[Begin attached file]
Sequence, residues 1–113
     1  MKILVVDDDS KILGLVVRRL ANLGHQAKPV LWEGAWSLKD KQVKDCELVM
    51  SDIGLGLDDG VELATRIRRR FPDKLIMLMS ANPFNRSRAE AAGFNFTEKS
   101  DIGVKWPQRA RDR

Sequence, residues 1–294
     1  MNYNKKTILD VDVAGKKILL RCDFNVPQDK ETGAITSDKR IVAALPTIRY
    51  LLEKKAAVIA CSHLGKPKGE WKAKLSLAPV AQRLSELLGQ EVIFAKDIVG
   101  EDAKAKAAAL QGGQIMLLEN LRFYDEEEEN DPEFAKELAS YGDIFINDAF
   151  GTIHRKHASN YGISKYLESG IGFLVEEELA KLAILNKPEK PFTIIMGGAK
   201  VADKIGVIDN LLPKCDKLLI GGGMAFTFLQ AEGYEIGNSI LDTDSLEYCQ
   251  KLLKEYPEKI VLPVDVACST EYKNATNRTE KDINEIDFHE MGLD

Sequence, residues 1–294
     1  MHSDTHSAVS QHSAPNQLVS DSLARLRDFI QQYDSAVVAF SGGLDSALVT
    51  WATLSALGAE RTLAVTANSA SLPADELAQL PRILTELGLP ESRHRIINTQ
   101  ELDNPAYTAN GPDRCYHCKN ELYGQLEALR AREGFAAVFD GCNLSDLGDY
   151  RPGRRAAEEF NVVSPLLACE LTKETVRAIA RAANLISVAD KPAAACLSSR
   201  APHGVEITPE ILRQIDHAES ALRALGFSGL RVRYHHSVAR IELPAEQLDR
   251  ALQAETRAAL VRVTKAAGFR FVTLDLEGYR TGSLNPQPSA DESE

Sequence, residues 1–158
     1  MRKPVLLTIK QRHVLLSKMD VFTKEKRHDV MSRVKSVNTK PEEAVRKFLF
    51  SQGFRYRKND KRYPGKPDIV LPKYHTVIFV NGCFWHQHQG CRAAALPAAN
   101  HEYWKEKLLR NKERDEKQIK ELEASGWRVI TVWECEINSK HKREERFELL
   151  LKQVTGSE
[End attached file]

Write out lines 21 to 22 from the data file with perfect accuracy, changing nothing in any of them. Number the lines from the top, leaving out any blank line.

    51  SQGFRYRKND KRYPGKPDIV LPKYHTVIFV NGCFWHQHQG CRAAALPAAN
   101  HEYWKEKLLR NKERDEKQIK ELEASGWRVI TVWECEINSK HKREERFELL